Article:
Hugh O’Brian, a square-jawed, ruggedly handsome actor who starred as Marshal Wyatt Earp in the popular 1950s TV series and founded a philanthropic organization that encourages youth leadership, died Sept. 5 at his home in Beverly Hills, Calif. He was 91.
A representative from HOBY, founded in the late 1950s as Hugh O’Brian Youth Leadership, confirmed the death but did not cite a cause.
A strapping former Marine Corps drill instructor, Mr. O’Brian had originally planned to study law, but his appearance in a play in Los Angeles drew the attention of movie star Ida Lupino. She cast him in a featured role in “Never Fear,” a 1949 film she was directing, and his acting career was launched.
Over the next several years, he won small parts in films including “The Return of Jesse James,” “Red Ball Express,” “Broken Lance” and “There’s No Business Like Show Business.”
His breakthrough was “The Life and Legend of Wyatt Earp,” which aired on ABC from 1955 to 1961. Unlike most TV Westerns — “The Lone Ranger,” “Hopalong Cassidy,” the singing cowboys’ series — “Wyatt Earp” was not explicitly aimed at adolescent boys. “The character had a job to do,” Mr. O’Brian later told the Los Angeles Times, “and the people had real psychological needs and frailties.”
The real Earp, who lived from 1848 to 1929, is most famous for his participation in the 1881 “Shootout at the O.K. Corral” in Tombstone, Ariz. The TV show tried to hew to authenticity, and it won critical plaudits.
“Gunsmoke,” which debuted just a few days after “Wyatt Earp,” became an even bigger hit, and by 1956-57, both were in the top 20 shows. In the 1958-59 season, Westerns accounted for an incredible seven out of the top 10 U.S. television series, including No. 1 “Gunsmoke” and No. 2 “Wagon Train,” with “Wyatt Earp” at No. 10.
“Wyatt Earp” remained a top 20 hit until 1960, but it was canceled the following year after being supplanted by the avalanche of other adult-oriented Westerns.
Mr. O’Brian, meanwhile, continued to work frequently in movies, television and theater through the 1990s, although he never again achieved the prominence he enjoyed as Wyatt Earp.
He starred in the science-fiction series “Search,” which aired on NBC from 1972 to 1973, and in films such as “Come Fly With Me” (1963) with Dolores Hart, “Love Has Many Faces” (1965) with Lana Turner and “Ambush Bay” (1966), a well-received war drama with Mickey Rooney. Mr. O’Brian reprised his role as Earp in 1994’s “Wyatt Earp: Return to Tombstone,” a film that combined new footage with colorized scenes from the original black-and-white TV show.
He also had a small but memorable role as the faro dealer in John Wayne’s last film, “The Shootist” (1976), and noted with pride that it gave him the distinction of being the last bad guy killed by Wayne, who retired soon after.
Hugh Charles Krampe was born in Rochester, N.Y., on April 19, 1925. He excelled in athletics and served in the Marine Corps during World War II. On the GI Bill, he enrolled at Yale Law School in 1947, but he took that summer off and went to Hollywood.
A woman he was dating was acting in a stage version of W. Somerset Maugham’s “Home and Beauty,” and he began hanging out at the theater. When the leading man became ill, Mr. O’Brian began filling in.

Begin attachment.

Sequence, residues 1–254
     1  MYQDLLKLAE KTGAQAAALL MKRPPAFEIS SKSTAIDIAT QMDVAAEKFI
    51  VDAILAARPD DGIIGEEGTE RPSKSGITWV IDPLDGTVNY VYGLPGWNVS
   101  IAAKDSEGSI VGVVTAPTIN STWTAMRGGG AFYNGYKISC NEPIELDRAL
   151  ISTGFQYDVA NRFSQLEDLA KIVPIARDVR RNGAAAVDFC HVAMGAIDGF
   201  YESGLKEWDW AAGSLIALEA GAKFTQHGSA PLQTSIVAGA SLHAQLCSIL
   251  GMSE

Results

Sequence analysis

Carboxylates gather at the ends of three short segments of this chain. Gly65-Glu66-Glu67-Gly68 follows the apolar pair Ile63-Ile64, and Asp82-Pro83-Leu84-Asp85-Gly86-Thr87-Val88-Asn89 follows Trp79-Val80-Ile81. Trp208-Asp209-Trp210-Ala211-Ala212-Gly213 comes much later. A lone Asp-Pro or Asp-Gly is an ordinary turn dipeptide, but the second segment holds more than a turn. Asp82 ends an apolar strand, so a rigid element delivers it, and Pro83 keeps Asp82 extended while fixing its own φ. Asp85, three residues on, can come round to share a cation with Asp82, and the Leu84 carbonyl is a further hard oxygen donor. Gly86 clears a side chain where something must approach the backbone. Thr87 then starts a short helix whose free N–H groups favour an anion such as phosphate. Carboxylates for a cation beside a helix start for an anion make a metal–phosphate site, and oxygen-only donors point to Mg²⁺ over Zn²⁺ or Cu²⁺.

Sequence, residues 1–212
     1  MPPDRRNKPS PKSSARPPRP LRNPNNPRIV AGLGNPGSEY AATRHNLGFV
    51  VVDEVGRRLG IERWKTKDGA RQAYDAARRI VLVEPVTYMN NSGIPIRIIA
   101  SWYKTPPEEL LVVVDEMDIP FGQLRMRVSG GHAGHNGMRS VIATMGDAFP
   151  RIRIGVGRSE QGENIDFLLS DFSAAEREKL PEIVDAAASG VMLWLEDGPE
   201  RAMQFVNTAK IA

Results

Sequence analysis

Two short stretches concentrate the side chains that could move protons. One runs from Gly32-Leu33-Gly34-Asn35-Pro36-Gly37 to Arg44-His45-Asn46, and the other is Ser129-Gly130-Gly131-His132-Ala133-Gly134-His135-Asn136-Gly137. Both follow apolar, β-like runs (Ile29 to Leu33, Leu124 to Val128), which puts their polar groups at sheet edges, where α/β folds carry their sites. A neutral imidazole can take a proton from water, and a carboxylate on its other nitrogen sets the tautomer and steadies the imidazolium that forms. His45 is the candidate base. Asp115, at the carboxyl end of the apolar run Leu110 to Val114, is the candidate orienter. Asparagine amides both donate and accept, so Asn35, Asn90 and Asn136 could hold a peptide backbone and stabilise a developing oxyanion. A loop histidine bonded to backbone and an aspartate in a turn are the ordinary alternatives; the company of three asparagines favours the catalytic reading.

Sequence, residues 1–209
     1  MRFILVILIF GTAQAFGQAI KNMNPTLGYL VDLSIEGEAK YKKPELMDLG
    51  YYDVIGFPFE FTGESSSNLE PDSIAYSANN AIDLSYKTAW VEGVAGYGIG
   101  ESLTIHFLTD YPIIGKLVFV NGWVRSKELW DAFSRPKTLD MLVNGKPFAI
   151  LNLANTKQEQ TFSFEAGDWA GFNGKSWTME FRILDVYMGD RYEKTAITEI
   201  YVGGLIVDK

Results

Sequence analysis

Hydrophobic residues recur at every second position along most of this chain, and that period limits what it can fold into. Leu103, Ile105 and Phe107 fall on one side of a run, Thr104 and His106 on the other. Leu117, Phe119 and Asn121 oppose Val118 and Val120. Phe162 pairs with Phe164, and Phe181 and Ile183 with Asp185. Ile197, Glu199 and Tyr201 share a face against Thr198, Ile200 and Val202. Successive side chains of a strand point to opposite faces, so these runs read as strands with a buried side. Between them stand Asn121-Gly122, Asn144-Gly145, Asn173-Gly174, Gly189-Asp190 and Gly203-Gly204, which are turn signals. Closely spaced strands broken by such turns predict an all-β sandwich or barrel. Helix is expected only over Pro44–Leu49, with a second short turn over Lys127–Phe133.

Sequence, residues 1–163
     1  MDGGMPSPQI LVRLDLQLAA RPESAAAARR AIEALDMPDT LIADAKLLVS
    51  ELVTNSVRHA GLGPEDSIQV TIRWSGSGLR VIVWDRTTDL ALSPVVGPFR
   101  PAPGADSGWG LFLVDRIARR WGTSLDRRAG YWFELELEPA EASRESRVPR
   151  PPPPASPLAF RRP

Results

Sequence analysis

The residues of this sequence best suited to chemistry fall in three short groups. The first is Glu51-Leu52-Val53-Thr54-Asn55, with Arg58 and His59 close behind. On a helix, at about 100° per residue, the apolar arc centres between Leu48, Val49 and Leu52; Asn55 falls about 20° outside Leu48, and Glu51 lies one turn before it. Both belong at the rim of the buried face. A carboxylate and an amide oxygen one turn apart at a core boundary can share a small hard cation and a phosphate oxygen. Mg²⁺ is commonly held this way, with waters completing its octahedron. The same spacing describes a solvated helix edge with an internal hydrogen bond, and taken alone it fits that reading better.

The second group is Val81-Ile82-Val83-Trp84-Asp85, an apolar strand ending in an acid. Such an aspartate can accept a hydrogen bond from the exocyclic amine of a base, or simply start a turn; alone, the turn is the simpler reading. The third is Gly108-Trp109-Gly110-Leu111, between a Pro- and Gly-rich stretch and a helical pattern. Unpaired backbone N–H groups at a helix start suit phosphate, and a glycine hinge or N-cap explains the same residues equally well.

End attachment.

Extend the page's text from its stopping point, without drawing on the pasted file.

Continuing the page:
“After about four days, they realized the guy wasn’t going to come back,” he later recalled, adding that he was soon named the permanent replacement. “We did the show and a reporter for the L.A. Times came down to see it, and the next day he wrote a tremendous review.”
Less auspiciously, the show’s playbill did not spell his name correctly. “They left the ‘m’ out of Krampe,” he told the Times in 2013. “I decided right then I didn’t want to go through life being known as Huge Krape, so I decided to take my mother’s family name, O’Brien. But they misspelled it as ‘O’Brian,’ and I just decided to stay with that.”
In short order, he was acting in Lupino’s film and signed to a contract at Universal Studios.
He also made his mark in philanthropy. He founded the Hugh O’Brian Youth Leadership organization after a visit to the settlement and hospital run by the doctor-missionary Albert Schweitzer.
Although his journey was derided by some critics as a publicity stunt, the actor dismissed the remarks, telling reporters how his life had been changed by the Nobel Peace Prize recipient.
Shortly after returning home, he founded the youth group. Each year, it brought together promising high school sophomores at sites around the country for leadership seminars. In 1999, Mr. O’Brian estimated that HOBY had more than 200,000 graduates from ages 16 to 59, among them future Arkansas Gov. Mike Huckabee. He received numerous awards for his achievement.
In June 2006, at age 81, Mr. O’Brian wed 54-year-old Virginia Barber at the Forest Lawn Memorial Park cemetery in what they quipped was a “wedding to die for.”
It was his first marriage, but his romances were many and well publicized, especially his fling with Princess Soraya, the ex-wife of the shah of Iran. In 1969, he faced a paternity suit in which he was judged to be the father of the 16-year-old son of a Los Angeles photographer, Adina Etkes. He was ordered to pay $250 monthly support for the boy, whose name was Hugh Krampe Jr.
Survivors also include a brother.
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